Cyberjaya aims to be the first cashless city in the future with the launch of Malaysia's first community-built e-wallet TaPay (Take Action Pay), said Treasury Ministry Secretary-General, Tan Sri Dr Mohd Irwan Serigar Abdullah.
He said for a start, a pilot project would be conducted with selected shops like restaurants and retailers here within a month, before the online payment platform moving to the Klang Valley, nationwide and Association of Southeast Asian Nations.
Mohd Irwan said TaPay, built with the community in mind, was currently being refined and strengthened via direct engagement and sourcing of inputs from the 100,000 strong Cyberjaya collective of businesses, residents, education institutions and students on an ongoing basis.
"I hope this initiative will roll out soon and many more retailers and restaurants will participate in Cyberjaya. By 2020, we hope to reduce dependence on cash transactions to 63 per cent of total transactions and increase the number of e-payment transactions per capita to 200 transactions.
"This is the mindset change the government seeks in the people and businesses in order to remain relevant among the fast-moving nations, and on par with the Chinese mobile wallet, Alipay, which will be another payment option in our country by next year" he told reporters after launching TaPay, a collaboration among Fullrich Malaysia Sdn Bhd, Cyberview Sdn Bhd and Affin Bank Group here Thursday.
Mohd Irwan, who is also the Cyberview Chairman, said this cashless society's aim was in line with Malaysia's aspiration to further boost its digital economy initiatives, which would be the new source of growth for its gross domestic product.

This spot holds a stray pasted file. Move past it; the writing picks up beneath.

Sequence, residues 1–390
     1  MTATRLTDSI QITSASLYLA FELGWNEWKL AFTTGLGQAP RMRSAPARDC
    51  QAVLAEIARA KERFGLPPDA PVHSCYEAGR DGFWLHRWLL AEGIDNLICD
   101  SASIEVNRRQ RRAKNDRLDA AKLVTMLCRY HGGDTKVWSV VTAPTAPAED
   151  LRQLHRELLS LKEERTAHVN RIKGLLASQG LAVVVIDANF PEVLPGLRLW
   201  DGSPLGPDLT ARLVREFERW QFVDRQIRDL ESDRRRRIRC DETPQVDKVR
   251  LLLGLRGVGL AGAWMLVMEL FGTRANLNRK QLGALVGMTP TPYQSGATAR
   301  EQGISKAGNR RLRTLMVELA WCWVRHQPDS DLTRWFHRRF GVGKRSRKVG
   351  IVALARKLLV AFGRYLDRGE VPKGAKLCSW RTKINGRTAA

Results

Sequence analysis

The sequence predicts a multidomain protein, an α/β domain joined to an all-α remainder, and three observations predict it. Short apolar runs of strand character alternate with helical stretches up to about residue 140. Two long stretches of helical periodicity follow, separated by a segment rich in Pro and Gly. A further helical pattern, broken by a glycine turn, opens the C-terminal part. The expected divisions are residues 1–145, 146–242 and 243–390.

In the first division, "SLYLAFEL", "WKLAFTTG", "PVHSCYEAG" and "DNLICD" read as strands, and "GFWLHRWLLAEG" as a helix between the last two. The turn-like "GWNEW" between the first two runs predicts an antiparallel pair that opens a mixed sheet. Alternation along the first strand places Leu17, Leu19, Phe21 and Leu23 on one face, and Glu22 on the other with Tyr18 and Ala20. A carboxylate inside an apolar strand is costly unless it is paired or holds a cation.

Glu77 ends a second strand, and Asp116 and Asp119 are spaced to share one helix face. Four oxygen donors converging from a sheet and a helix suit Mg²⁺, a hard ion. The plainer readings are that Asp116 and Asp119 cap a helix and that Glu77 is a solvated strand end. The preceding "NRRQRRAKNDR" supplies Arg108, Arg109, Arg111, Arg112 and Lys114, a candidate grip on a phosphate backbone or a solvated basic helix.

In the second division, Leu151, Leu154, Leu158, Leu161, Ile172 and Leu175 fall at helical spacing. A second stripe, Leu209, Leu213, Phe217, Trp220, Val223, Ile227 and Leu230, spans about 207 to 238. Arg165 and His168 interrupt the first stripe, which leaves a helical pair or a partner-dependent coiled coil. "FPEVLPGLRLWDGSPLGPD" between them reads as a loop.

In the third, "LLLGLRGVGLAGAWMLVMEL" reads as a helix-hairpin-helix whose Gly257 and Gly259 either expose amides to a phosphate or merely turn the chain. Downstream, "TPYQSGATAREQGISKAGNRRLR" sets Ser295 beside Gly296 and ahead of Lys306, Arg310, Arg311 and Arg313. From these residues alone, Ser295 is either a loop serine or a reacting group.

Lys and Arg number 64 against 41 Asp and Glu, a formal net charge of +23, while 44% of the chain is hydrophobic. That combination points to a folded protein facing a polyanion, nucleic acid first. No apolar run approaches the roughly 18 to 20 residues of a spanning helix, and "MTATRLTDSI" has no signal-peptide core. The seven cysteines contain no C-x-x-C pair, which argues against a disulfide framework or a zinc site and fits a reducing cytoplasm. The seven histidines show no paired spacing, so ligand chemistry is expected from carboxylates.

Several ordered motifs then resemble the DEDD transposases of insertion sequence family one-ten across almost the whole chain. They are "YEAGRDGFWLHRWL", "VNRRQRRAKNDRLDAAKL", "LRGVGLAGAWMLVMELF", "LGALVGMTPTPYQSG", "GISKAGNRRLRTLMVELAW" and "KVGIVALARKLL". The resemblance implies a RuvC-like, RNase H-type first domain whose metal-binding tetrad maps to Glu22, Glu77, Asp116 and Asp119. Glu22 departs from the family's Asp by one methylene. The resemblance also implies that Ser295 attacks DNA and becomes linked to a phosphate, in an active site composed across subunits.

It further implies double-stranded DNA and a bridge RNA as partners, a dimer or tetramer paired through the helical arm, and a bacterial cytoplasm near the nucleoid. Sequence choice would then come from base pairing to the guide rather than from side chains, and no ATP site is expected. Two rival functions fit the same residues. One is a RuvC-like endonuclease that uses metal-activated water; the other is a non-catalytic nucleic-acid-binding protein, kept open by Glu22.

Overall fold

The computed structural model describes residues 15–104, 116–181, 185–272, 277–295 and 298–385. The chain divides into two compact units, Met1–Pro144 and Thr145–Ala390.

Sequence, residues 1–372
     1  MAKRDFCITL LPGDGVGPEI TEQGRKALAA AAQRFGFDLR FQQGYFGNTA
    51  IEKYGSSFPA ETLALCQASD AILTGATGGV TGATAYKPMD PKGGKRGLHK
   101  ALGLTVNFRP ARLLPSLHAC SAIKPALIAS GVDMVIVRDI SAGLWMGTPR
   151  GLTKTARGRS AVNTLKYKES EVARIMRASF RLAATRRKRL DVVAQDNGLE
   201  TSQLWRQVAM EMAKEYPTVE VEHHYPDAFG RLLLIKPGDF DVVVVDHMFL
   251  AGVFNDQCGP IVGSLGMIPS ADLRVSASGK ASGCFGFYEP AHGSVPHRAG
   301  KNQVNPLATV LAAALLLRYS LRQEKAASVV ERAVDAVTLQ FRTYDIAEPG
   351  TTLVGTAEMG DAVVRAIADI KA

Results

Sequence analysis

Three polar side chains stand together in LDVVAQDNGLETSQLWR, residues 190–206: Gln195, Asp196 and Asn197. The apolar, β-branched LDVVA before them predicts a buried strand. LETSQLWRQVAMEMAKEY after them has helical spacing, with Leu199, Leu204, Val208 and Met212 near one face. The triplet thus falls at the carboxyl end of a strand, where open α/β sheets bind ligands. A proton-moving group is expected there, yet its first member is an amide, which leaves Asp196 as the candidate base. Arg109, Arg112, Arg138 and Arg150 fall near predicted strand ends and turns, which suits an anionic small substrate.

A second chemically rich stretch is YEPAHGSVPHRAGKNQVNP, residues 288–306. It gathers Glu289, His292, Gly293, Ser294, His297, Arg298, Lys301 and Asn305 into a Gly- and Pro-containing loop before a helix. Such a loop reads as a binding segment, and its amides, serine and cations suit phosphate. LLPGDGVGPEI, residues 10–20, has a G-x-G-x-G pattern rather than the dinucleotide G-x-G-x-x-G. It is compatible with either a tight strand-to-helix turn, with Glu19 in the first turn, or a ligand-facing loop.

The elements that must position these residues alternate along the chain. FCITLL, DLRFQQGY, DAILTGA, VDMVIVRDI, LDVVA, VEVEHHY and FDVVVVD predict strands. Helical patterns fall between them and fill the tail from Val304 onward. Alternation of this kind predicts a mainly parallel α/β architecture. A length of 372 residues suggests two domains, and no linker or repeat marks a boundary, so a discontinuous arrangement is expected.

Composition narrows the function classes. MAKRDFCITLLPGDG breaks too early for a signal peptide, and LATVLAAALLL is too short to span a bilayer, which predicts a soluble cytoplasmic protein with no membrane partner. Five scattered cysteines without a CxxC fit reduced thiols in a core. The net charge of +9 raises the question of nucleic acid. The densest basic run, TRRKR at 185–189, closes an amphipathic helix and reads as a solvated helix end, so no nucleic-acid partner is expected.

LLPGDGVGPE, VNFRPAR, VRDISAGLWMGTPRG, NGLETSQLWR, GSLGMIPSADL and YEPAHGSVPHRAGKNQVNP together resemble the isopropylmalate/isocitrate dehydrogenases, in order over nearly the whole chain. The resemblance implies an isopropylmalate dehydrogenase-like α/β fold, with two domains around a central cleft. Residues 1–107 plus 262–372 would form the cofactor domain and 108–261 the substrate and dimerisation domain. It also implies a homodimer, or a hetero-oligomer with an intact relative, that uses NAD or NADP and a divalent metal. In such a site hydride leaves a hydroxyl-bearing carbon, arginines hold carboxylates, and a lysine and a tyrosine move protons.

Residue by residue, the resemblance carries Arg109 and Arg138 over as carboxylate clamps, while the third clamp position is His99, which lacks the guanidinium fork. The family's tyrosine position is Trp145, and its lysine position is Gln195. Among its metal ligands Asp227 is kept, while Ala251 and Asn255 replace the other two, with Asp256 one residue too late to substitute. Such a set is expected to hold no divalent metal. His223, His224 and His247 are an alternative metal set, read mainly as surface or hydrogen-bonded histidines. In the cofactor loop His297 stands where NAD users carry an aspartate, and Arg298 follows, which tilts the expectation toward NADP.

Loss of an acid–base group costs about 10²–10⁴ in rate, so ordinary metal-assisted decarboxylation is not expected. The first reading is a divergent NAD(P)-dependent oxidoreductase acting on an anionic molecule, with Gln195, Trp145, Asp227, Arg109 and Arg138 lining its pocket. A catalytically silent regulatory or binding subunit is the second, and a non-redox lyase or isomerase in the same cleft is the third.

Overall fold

"We choose Cyberjaya for the pilot project because this city is equipped with infrastructure and features within the city in line with its smart city roadmap. Through this, we will reduce the physical transaction element to payment (of credit and debit card) so that it will become easier for the users. It is also important that these transactions are safe for all Malaysians.
"We must teach and convince people to migrate from cash and be familiar using e-wallet. At the same time, Malaysia must remain competitive, speed and efficient in its eco-system. Therefore, I called on more banks like CIMB, Maybank and RHB to collaborate with Fullrich on this cashless initiative" he said.
He said although it would be an uphill task to stand on par with Alibaba, it was not impossible for Malaysia to go all-out to capture the ASEAN markets, such as Indonesia, Philippines and Thailand, via e-wallet TaPay.
Asked to comment on popular singer Datuk Sheila Majid who lamented the high cost of living and the weak ringgit in a post of Twitter, Mohd Irwan said: "People always confuse between lifestyle cost and cost of living. Basic food items like rice and oil, and basic needs are considered as inflationary cost and the country's inflation cost is as low as 3.5 per cent.
"While the annual salary increases of Malaysians are between five and six per cent, they should cover the inflationary cost. If you add the lifestyle cost to cost of living, of course, certain things will be beyond your means. If luxury things are added into our daily expenditure, then this is when people will start to complain" he said.
Irwan said the government has done a lot for the B40 group, referring to households with an income of RM3,900 and below.
"(We are giving) 1Malaysia People's Aid (BR1M), education fees (free education), and RM1 hospital fees. "Where in the world can you go to the hospital and only pay RM1?â€ he asked.
"The economy is growing, everything is good. Not to worry, this country is a prosperous country" he said, adding that the property market has softened and house prices had dropped.
Earlier, Mohd Irwan witnessed the signing of definitive agreement between Fullrich and Cyberview, and four memoranda of understanding between Fullrich and with partners namely Affin, Picksum (a local fashion e-commerce market place), AladdinStreet (a halal e-commerce marketplace) and myrelo (a Malaysian moving and storage business. -Bernama